Story by Sgt. 1st Class Jeff Troth, Public Affairs
Signal Soldiers from Fort Riley took to the highway for a field training exercise at Salina’s Great Plains Joint Training Center.
Company C, 601st Aviation Support Battalion, took advantage of Salina’s large training area to get the influx of new Soldiers they have received since returning from Iraq in March up to speed.
“We came back from the deployment and we got a huge turnover of personnel. We got a lot of new people coming in and we have a lot of good NCOs who are getting ready to (change duty stations),” said Sgt. 1st Class Jeff Gaines, the Crusader company first sergeant. “Before they leave I wanted to make sure we captured their knowledge and experience and passed that down to our young Soldiers.”
That experience began even before the company rolled out of their motor pool. The company’s leadership ensured that the new Crusaders were involved with the movement, from getting their equipment and supplies ready. They were also the drivers for the 70-mile convoy from Fort Riley to the training area.
“The experience in preparing for and being in the convoy, as well as getting all the equipment here was huge,” said Sgt. Christopher Rimer, who is scheduled to leave the company this spring.
Because most of the new Soldiers to the company are also new to the Army, they had just finished the military driving course and were recently licensed to drive military vehicles.
“This gave them some real road training, where they had to maintain their distance (between vehicles) and use proper communication procedures over the radio,” said Gaines.
“It was a lot different, a lot slower than I am used to,” said Pfc. Robert Citarella, who joined the unit 2 months ago. “I was a little nervous about doing my first convoy, I wasn’t sure how everything would work, and how it would play. But we had great leadership and great NCOs that kept us informed of what to expect and what was going to happen. “
For Citarella and the other new drivers their training did not end when they arrived at their field site. The unit took advantage of the isolated location to train their Soldiers on driving with night vision goggles.
During their first night in the field the Soldiers received a class on wearing the goggles. This portion of the training had the Soldiers get used to the night vision goggles before getting behind the wheel.
“We walked around to get used to them and see how they work and how they change depth perception,” said Citarella. “We also used them with the Humvee to see what the blackout lights looked like.”
The next night the Crusaders combined the NVGs with their driving training and had a night convoy with no headlights while driving on the back roads of the training area.
“It was definitely something that I had never done before,” Citarella said. “It completely throws you off and you have to remember that what is in front of you might be closer than you think.”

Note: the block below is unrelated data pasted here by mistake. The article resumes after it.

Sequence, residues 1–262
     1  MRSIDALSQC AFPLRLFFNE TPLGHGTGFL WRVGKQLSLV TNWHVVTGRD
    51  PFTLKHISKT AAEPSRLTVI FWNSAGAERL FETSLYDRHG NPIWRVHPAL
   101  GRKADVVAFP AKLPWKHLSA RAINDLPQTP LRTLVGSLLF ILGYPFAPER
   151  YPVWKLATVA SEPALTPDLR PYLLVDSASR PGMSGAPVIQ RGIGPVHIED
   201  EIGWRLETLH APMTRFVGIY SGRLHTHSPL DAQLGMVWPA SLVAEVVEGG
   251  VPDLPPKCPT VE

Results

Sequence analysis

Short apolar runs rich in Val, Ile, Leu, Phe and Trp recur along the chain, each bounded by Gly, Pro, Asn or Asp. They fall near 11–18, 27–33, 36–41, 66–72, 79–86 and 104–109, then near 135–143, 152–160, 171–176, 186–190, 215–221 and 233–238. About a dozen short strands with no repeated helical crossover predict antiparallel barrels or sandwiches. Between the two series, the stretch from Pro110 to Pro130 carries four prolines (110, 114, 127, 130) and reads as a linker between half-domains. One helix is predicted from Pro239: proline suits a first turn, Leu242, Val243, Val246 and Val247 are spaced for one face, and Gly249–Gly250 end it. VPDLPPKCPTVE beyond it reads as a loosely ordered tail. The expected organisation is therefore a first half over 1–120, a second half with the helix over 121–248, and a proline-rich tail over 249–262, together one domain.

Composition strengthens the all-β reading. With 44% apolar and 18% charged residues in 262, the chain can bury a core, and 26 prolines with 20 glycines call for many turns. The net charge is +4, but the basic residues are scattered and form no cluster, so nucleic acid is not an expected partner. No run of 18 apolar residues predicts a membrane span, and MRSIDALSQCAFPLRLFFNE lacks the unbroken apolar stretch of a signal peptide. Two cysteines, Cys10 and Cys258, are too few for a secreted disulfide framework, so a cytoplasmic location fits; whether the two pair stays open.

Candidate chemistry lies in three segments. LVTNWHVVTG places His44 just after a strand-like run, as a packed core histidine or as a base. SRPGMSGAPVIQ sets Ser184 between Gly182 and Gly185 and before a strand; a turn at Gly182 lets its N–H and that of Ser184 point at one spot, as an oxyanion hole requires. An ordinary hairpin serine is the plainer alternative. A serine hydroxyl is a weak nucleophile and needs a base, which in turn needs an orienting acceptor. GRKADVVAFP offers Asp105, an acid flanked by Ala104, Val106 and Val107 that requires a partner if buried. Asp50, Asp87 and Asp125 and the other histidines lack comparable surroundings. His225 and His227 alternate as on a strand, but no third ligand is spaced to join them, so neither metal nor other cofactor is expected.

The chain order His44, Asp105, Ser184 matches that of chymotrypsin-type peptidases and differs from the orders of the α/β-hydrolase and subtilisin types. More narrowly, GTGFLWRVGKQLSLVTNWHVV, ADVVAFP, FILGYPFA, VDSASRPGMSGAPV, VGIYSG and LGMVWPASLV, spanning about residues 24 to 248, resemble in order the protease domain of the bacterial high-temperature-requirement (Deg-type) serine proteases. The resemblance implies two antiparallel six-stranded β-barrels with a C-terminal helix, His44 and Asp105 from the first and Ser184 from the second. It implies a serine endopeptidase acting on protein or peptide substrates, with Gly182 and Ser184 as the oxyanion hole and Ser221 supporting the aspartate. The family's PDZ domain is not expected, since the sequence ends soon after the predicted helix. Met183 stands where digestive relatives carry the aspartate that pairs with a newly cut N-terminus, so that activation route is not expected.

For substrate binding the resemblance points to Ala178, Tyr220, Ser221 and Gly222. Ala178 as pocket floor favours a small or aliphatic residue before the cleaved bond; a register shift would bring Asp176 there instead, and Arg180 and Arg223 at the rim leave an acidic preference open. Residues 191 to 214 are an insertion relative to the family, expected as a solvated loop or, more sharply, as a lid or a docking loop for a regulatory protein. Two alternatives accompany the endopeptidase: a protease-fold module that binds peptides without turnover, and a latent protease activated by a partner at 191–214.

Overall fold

While the night driving helped to increase their tactical proficiency, the main purpose of the field exercise was the technical aspect of their jobs.
“We have a lot of Soldiers with no experience on our equipment,” said Rimer, a member of the Joint Network Node Platoon, which is responsible for providing voice and data communications for the Combat Aviation Brigade, 1st Infantry Division . “So we are pulling out all our equipment and setting it up, making sure everyone knows how it operates and how to use it.
While the JNN platoon is responsible for many miles of computer and phone lines the aviation brigade requires, the company is responsible for all communications within the brigade as well as communications with the ground forces the brigade supports.
Part of staying connected falls on the Retransmission (or RETRANS) Platoon, who set up their antennas and work as relay stations.
“We are able to do a lot more retrans out here,” said Citarella. “We have a lot of different types of scenarios we can do with setting up our antennae, on hill tops or in a dried up pond. The soil will be a lot looser or tougher, which is a factor when driving stakes or pulling them out. We are getting some very good training out here.
The different terrain they are able to utilize during their time in Salina was one factor the Great Plains Joint Training Center offered the signal Soldiers, another was its distance from Fort Riley.
“We are here in an environment by ourselves and it gives us the opportunity to focus on whatever mission we have,” said Staff Sgt. John Gomez. “We have 100 percent attention of our Soldiers with no distractions, no taskings, no appointments”
Having the training area to themselves also meant that they weren’t actually supporting another unit with communications. This took some of the stress off the new Soldiers who were in the field for the first time.
“This training is hands on and we have experienced personnel to walk them through it step by step, without any pressure of having to get stuff done right the first time,” Gomez said. “They can afford to make as many mistakes as they can and learn from those mistakes.”